Alison Greenhalgh from Groundwork South this week: Naomi Slade has always had a soft spot for snowdrops
WHAT’S to see in January? Sitting in office at Iver on this cold but clear winter’s day, I was struggling as to what I could write about. But then, looking out of the window, there is one clear winner; the Garrya elliptica looking glorious with its long silver tassels hanging against the blue sky. For most of the year, I am somewhat disrespectful of what I term the ‘green blob’. The Garrya is just a backdrop marking the perimeter of the sensory garden and screening the building.
limited interest for most of ar with dark green leaves nothing remarkable to show ts space. We gave it a bit hack back in the autumn as was over hanging the athway. The only reason it ayed was for lack of funds d imagination as to what to t in its place as it is now ut 10ft tall. However, at this ent in time, I have to eat GROWING up in west Wales where winters are cold and damp, she would gather a little posy of snowdrops for her mother on Valentine’s Day, when little else was in flower.
Years later, the keen horticulturist and author has charted her love of these pint-sized beauties in The Plant Lover’s Guide To Snowdrops, where she not only examines the many different varieties, but offers design ideas on where they can be shown off to their best.
“Very often people leave snowdrops to make the best of things unaided,” she observes. “If they are lucky, they get divided or fed, but the predominant regimen is one of benign neglect.
“A little care pays dividends, however, and to elevate the show from just delightful to simply fabulous, it is worth thinking about plants to accompany snowdrops as a background or counterpoint.”
While snowdrops look amazing naturalised in a woodland area, if you have a medium-sized garden my words. It stands in all its splendour with little to compare aside from the first hellebores beneath it, just opening their dusky pink petals. The lovely catkins are up to four to five inches long.
I have now afforded the Garrya they look best with other plants, says Naomi.
“In general, if a plant keeps itself to itself - think clumping ferns, small bulbs and specimen trees - it is probably a good neighbour as far as snowdrops are concerned,” she observes.
Avoid placing snowdrops with dense evergreens with mats of roots, spreading plants such as comfrey and some of the more vigorous geraniums and herbaceous perennials that need dividing every few years such as heleniums and asters.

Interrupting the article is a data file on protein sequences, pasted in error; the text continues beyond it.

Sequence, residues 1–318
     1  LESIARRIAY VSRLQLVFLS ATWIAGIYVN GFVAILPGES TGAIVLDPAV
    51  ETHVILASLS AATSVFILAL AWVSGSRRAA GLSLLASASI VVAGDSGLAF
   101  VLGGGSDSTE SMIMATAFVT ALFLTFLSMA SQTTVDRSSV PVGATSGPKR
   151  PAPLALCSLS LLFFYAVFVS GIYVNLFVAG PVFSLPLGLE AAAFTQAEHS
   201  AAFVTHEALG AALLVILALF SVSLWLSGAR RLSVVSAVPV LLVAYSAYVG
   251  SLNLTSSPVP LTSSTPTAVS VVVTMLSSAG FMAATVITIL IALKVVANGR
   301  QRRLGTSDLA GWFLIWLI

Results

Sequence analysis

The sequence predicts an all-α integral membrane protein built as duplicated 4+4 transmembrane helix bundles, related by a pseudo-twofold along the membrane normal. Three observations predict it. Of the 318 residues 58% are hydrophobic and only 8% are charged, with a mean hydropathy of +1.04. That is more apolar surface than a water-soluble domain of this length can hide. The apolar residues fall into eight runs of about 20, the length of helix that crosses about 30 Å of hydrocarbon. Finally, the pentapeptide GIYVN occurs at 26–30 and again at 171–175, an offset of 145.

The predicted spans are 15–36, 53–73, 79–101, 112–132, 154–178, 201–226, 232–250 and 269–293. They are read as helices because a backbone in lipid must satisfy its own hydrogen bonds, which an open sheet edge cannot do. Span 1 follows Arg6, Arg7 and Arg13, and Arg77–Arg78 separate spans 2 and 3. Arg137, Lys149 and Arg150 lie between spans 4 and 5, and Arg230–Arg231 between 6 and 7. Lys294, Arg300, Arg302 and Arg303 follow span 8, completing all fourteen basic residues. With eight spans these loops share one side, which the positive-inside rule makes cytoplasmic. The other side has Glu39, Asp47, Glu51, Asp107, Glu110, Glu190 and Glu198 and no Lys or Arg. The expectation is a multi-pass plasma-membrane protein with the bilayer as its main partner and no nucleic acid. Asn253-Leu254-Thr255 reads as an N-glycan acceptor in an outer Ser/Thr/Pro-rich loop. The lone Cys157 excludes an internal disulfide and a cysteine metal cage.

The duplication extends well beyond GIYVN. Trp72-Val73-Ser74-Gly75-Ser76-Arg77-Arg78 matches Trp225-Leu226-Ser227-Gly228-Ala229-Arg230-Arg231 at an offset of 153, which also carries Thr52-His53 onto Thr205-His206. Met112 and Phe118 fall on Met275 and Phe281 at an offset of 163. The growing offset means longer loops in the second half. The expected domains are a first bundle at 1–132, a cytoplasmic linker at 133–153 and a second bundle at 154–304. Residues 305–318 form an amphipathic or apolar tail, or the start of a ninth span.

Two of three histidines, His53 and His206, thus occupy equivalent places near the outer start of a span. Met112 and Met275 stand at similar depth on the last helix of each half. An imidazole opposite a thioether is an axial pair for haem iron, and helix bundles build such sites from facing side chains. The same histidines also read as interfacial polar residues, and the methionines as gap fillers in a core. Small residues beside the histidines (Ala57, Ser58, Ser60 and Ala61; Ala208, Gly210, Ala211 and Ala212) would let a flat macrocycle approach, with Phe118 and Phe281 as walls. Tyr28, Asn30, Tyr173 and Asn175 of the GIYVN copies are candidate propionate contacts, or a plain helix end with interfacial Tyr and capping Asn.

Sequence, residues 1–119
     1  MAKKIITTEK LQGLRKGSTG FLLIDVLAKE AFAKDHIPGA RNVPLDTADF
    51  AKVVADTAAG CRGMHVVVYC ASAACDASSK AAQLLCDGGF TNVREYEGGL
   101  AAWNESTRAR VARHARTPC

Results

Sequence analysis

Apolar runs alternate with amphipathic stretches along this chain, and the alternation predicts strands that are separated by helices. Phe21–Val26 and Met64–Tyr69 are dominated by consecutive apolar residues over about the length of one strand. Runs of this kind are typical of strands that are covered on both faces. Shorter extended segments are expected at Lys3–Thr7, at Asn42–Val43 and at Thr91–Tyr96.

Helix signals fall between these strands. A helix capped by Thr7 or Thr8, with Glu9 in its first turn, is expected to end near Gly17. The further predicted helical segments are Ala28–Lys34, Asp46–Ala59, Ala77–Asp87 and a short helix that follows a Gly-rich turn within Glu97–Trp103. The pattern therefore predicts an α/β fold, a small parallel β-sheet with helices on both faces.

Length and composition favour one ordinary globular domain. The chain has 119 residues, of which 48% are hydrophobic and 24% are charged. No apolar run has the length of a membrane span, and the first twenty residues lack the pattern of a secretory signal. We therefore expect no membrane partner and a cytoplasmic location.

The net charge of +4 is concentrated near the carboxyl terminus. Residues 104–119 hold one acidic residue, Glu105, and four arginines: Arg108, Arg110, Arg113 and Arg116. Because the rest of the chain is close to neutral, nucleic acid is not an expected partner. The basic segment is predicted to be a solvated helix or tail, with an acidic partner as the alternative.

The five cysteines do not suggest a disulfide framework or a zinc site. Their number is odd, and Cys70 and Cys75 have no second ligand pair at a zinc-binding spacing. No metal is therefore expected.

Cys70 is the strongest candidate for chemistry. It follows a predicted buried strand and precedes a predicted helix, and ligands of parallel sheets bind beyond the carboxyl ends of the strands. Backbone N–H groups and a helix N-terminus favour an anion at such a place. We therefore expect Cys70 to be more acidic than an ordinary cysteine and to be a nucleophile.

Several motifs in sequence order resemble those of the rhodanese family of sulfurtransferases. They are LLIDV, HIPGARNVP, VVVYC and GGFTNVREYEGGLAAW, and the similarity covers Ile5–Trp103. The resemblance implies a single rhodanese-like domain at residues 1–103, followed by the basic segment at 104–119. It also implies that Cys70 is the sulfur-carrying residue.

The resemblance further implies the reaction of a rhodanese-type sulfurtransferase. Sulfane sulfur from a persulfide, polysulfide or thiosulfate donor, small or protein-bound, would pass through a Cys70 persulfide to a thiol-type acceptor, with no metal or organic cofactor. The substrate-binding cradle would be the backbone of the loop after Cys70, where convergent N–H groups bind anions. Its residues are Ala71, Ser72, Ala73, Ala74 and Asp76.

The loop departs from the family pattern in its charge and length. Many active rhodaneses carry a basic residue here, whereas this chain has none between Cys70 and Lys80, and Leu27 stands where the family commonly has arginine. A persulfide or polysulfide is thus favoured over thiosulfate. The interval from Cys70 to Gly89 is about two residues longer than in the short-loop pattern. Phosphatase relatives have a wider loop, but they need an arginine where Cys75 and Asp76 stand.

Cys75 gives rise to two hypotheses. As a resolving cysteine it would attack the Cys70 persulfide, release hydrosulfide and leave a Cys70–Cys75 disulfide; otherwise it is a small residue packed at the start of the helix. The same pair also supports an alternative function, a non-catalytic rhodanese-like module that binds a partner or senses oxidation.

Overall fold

Instead, partner them with other small bulbs, she suggests.
“They look great with purple Crocus tommasinianus and dwarf irises, or planted under a tree with bright gold aconites or cyclamen. A backdrop of foliage also shows them off to good advantage, so position them among small evergreen ferns and around Sedum spectabile cultivars and clumping, wellbehaved geraniums (avoid the thuggish spreading types as they may well swamp the bulbs).
“Grasses are another pleasing companion and not necessarily the most obvious choice - that particular award is held by hellebores, and not in a bad way, either.”
Create temporary displays in pots, planting vigorous clumps into large some respect and looked up some information about it.
Apparently they are dioecious, meaning that plants are either male or female. The males have more showing catkins, suggesting that ours is indeed male. They should be tubs mixed with hellebores, small evergreens and primroses, or plant them in pots on their own, or alternated with similar sized pots of irises, crocuses or succulents.
For container planting pick a robust candidate, species Galanthus elwesii, G. nivalis, or the common double Galanthus nivalis ‘Flore Pleno’ are all ideal, she says.
For small pots you can plant them with colourful heuchera or Tellima grandiflora or with the black lilyturf, Ophiopogon planiscapus ‘ Nigrescens’. They also look good as part of an arrangement with mini daffodils and trailing ivy and add sparkle to more formal, larger containers with clipped box forms and skimmia.
In large gardens, they can form spectacular swathes against dark branches and evergreen leaves, but never plant them in a straight line or regular pattern. Just scatter the bulbs randomly and then plant them where they fall.
If you have a lawn which has a lot of foot traffic, avoid planting snowdrops there as they don’t like being trampled and won’t welcome their leaves being cut by the mower early on in the season.
They do well planted under cultivated shrubs and trees such as butcher’s broom ( Ruscus aculeatus), an evergreen with red berries, variegated holly or even sorbus and hawthorn.
In rockery settings, common types such as Galanthus ‘S. Arnott’, G. nivalis and G. elwesii will multiply fairly quickly to make a good show. Try G. ‘Flore Pleno’ with alpine plants such as sempervivums, sedums and lewisias.
“Ultimately, the trick is to use your snowdrops well. Put them where you can see them, let them spread and multiply and they will repay you generously with your own personal winter spectacle.”
Garrya elliptica – in catkin glory